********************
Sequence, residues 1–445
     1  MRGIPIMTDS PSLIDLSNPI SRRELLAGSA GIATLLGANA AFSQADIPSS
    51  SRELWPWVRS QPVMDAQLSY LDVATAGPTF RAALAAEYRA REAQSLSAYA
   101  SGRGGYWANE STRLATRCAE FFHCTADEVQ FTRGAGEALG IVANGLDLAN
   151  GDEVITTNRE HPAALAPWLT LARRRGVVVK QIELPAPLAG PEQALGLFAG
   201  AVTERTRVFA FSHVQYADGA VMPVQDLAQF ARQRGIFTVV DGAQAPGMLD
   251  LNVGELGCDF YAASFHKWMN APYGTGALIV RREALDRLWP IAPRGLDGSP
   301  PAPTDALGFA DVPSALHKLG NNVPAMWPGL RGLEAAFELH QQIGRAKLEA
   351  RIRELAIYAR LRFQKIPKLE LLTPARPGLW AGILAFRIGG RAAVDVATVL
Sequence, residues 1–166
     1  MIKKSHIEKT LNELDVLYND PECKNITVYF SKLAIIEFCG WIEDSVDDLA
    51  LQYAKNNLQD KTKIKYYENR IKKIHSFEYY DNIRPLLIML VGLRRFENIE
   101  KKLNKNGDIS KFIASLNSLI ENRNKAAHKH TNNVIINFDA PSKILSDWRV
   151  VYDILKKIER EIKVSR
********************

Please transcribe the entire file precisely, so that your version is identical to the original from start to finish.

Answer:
Sequence, residues 1–445
     1  MRGIPIMTDS PSLIDLSNPI SRRELLAGSA GIATLLGANA AFSQADIPSS
    51  SRELWPWVRS QPVMDAQLSY LDVATAGPTF RAALAAEYRA REAQSLSAYA
   101  SGRGGYWANE STRLATRCAE FFHCTADEVQ FTRGAGEALG IVANGLDLAN
   151  GDEVITTNRE HPAALAPWLT LARRRGVVVK QIELPAPLAG PEQALGLFAG
   201  AVTERTRVFA FSHVQYADGA VMPVQDLAQF ARQRGIFTVV DGAQAPGMLD
   251  LNVGELGCDF YAASFHKWMN APYGTGALIV RREALDRLWP IAPRGLDGSP
   301  PAPTDALGFA DVPSALHKLG NNVPAMWPGL RGLEAAFELH QQIGRAKLEA
   351  RIRELAIYAR LRFQKIPKLE LLTPARPGLW AGILAFRIGG RAAVDVATVL
Sequence, residues 1–166
     1  MIKKSHIEKT LNELDVLYND PECKNITVYF SKLAIIEFCG WIEDSVDDLA
    51  LQYAKNNLQD KTKIKYYENR IKKIHSFEYY DNIRPLLIML VGLRRFENIE
   101  KKLNKNGDIS KFIASLNSLI ENRNKAAHKH TNNVIINFDA PSKILSDWRV
   151  VYDILKKIER EIKVSR